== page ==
9. I am busy testing their latest version DK 2008, and I have also tested 15 other commercial defraggers and 16 freeware ones.

    You can find the “winners” of “The Great Defrag Shootout” or check out the reviews of all the products mentioned.

    Diskeeper is definitely not the best defrag program out there, and it’s by far the most expensive: up to $99! The home edition is $25, but you can get a full-featured version of PerfectDisk for under $40. My blog has a discount coupon for 20% discount, so you can get a “real” defragger for $32 instead of a partial one for $25. There are also some interesting and useful freeware utilities, so Diskeeper has got some real competiton on its hands.

    The built-in Windows Defragger is based on DK, and it suffers from the same problem: when you disk gets loaded (i.e. 20% free space) it can’t cope and the disk gets more and more disorganised no matter how often you defrag, even with the “Set it and forget it” feature on.

  10. Diskeeper has been a good defrag utility for me; runs stable and defrags multiple drives quickly without using many CPU cycles. So far I have not had a problem with it. I shall try the new version in a few days time.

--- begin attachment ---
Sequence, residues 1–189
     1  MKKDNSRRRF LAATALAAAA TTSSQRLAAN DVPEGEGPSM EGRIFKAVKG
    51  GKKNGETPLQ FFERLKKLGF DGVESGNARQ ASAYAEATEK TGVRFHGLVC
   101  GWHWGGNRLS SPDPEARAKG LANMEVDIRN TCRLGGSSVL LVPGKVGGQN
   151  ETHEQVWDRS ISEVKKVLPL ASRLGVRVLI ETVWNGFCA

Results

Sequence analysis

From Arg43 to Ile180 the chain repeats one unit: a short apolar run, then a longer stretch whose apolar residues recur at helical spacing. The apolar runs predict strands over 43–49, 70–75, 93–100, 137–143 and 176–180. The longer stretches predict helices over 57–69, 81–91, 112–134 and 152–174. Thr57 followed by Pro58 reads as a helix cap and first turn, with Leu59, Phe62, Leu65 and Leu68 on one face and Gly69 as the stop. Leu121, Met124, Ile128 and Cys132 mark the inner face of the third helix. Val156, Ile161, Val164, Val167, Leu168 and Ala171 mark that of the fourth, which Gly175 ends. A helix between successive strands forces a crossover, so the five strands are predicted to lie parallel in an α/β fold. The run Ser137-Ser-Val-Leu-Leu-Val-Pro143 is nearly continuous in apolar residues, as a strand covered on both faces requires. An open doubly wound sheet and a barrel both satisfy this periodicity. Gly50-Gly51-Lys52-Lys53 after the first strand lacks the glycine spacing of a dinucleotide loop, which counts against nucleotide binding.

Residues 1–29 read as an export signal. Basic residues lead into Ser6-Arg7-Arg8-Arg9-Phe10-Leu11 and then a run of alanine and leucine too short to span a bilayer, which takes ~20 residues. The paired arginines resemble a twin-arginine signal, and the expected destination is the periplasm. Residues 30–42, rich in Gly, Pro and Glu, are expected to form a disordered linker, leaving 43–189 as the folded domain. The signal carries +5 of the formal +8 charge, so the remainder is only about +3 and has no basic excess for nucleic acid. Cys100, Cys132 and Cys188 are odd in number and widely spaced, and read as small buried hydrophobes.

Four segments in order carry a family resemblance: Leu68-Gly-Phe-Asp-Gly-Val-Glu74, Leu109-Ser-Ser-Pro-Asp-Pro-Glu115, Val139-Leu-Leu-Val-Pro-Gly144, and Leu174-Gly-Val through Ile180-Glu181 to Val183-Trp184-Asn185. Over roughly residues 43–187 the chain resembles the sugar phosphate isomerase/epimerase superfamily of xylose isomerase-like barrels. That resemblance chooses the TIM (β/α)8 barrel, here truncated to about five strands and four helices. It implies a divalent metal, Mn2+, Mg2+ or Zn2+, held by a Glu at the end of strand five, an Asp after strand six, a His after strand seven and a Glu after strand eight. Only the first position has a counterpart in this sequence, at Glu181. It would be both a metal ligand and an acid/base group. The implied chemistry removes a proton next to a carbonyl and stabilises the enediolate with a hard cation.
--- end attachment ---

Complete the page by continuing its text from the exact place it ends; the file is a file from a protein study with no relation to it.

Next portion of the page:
11. have been trying to find out if a 4g almost full and daily mega used u3 usb drive should be defraged or have some kinda maintenence done?

  12. Don’t defrag flash drives. Not recommended since they work on different principles.

    Defragmenting a conventional harddrive is to
    -improve/restore file access times for fragmented files
    -improve overall system performance since the HDD is the bottleneck in almost any system due to it’s mechanical nature.
    -decrease drive wear and increase drive life and therefore in the long run, reduce hardware costs
    -improve battery consumption [laptops]

    Flash drives are not mechanical, and so are not affected by those drawbacks. Infact, a flash drive has a finite number of read/write cycles, so defragmenting those *may* possibly reduce their life some.